Urinary Kidney Injury Molecule-1 (KIM-1) Excretion As Biomarker for Injury in Kidney Transplant Recipients

This study has been completed.
Sponsor:
Collaborator:
Astellas Pharma US, Inc.
Information provided by:
North Shore Long Island Jewish Health System
ClinicalTrials.gov Identifier:
NCT00805571
First received: December 5, 2008
Last updated: March 11, 2010
Last verified: March 2010
  Purpose

The purpose of this study is to determine if measuring the level of a protein called Kidney Injury Molecule-1 (KIM-1) in the urine will help healthcare providers detect any problems with the transplanted kidney before the laboratory investigations that are used on a routine basis do. This approach may allow the doctor to intervene at an earlier point of a rejection episode and may thereby prolong survival of the transplant kidney.


Condition
Kidney Transplant Dysfunction

Study Type: Observational
Study Design: Observational Model: Cohort
Time Perspective: Prospective
Official Title: Urinary Kidney Injury Molecule-1 As Diagnostic Biomarker of Proximal Tubular Injury in Adult and Pediatric Transplant Recipients

Resource links provided by NLM:


Further study details as provided by North Shore Long Island Jewish Health System:

Biospecimen Retention:   Samples With DNA

Urine


Estimated Enrollment: 120
Study Start Date: October 2008
Primary Completion Date: February 2010 (Final data collection date for primary outcome measure)
Groups/Cohorts
Adult
Adult patients with end-stage kidney disease awaiting kidney transplantation.
Pediatric
Children with end-stage kidney disease awaiting kidney transplantation.

Detailed Description:

SPECIFIC AIMS:

  1. To investigate the role of urinary Kim-1 excretion as a marker of delayed graft function, acute kidney allograft rejection and/or virus-induced allograft nephropathy and/or calcineurin-inhibitor nephrotoxicity.
  2. To determine the role of urinary Kim-1 excretion in predicting long term outcome after kidney transplantation compared to standard diagnostic tests.
  3. To determine the role of reduction in urinary Kim-1 excretion after a rejection episode and/or viral infection as a marker of repair of renal tubules.

HYPOTHESIS:

Monitoring of urinary KIM-1 in kidney transplant recipients will facilitate the detection of delayed graft function, acute allograft rejection or infectious causes of proximal tubular injury, allowing earlier intervention with better long-term graft survival. Detection of urinary KIM-1 will precede increases in serum creatinine to detect acute graft injury and urinary KIM-1 will decrease faster than serum creatinine and will predict responsiveness (or lack thereof) to intervention more accurately.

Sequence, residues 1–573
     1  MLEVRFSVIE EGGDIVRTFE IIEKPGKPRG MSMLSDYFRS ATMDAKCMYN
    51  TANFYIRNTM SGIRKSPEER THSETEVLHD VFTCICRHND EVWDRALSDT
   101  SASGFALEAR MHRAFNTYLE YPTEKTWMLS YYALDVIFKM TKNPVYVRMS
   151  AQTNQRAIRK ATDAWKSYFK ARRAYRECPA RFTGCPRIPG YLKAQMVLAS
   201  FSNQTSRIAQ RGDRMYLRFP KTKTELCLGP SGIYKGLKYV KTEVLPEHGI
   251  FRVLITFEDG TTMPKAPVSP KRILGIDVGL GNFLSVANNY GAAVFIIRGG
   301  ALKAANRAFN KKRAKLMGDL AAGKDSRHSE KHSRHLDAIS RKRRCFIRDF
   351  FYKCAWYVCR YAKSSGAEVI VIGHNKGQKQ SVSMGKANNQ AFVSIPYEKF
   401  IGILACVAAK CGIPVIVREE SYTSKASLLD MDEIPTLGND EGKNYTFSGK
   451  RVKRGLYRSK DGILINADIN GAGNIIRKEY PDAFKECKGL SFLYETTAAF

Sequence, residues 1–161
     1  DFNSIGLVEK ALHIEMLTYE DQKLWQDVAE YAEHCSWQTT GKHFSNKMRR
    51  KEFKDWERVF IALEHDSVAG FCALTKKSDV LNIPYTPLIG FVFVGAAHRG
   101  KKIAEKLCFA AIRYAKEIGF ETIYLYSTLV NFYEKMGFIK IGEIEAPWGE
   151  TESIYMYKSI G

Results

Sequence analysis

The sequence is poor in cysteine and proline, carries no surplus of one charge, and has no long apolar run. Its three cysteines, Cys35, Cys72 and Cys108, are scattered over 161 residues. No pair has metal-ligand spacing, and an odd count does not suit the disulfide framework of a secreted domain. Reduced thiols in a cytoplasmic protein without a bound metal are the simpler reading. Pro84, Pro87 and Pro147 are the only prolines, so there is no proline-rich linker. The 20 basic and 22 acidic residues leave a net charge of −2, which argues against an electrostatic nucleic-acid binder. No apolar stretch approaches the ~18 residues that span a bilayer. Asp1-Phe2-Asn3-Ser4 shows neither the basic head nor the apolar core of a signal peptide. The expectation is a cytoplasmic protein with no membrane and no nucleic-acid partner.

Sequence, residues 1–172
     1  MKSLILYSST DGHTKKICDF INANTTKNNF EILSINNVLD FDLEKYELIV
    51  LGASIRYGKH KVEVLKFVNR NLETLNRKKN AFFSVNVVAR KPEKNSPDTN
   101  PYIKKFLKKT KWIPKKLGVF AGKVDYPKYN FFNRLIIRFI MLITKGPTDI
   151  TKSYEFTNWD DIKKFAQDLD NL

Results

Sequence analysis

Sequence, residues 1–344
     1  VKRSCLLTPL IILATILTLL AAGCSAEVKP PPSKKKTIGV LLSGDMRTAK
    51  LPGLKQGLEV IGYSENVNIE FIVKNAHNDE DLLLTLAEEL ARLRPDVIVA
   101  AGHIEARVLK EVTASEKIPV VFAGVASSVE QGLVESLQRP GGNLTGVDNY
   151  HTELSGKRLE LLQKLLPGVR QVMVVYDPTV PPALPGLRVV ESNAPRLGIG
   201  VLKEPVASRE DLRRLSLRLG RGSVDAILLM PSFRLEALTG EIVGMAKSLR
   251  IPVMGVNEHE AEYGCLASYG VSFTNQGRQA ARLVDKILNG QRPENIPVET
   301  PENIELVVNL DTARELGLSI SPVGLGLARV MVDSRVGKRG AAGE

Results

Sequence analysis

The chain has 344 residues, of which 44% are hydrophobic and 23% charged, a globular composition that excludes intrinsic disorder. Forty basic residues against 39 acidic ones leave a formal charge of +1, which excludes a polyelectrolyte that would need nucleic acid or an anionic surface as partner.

Eligibility

Ages Eligible for Study:   3 Years to 18 Years
Genders Eligible for Study:   Both
Accepts Healthy Volunteers:   No
Sampling Method:   Non-Probability Sample
Study Population

Adult and pediatric patients with chronic renal failure who are listed at Mount Sinai Hospital for a deceased donor kidney transplant and/or who are in the process of having a living donor evaluation are eligible to participate. One urine sample will be sent for KIM-1 measurement before transplantation, once the patient or the caregiver of the patient consents to participation in the study. The next specimen of urine will only be collected status post kidney transplant in the immediate post-operative phase and on routine visits thereafter. The study does not require obtaining any extra blood or urine specimens, but uses urine that would otherwise be discarded.

Criteria

Inclusion Criteria:

Children and adults from the age of 3 years who are eligible transplant candidates listed for deceased donor kidney or who are scheduled for a living related or unrelated donor kidney transplant at Mount Sinai Hospital will be eligible for inclusion in this project. Patients will be recruited from the population awaiting kidney transplant treated at the Schneider Children's Hospital and Mount Sinai Hospital.

  Contacts and Locations
Choosing to participate in a study is an important personal decision. Talk with your doctor and family members or friends about deciding to join a study. To learn more about this study, you or your doctor may contact the study research staff using the Contacts provided below. For general information, see Learn About Clinical Studies.

Please refer to this study by its ClinicalTrials.gov identifier: NCT00805571

Locations
United States, New York
Schneider Children's Hospital
New Hyde Park, New York, United States, 11040
Sponsors and Collaborators
North Shore Long Island Jewish Health System
Astellas Pharma US, Inc.
Investigators
Principal Investigator: Beatrice Goilav, MD North Shore-LIJ Health System
  More Information

No publications provided

Responsible Party: Institutional Review Board, North Shore-LIJ Health System
ClinicalTrials.gov Identifier: NCT00805571     History of Changes
Other Study ID Numbers: 08-196
Study First Received: December 5, 2008
Last Updated: March 11, 2010
Health Authority: United States: Institutional Review Board

Keywords provided by North Shore Long Island Jewish Health System:
Rejection
Infection
Side effect of immunosuppressive drug (nephrotoxicity)

Additional relevant MeSH terms:
Wounds and Injuries

ClinicalTrials.gov processed this record on August 21, 2014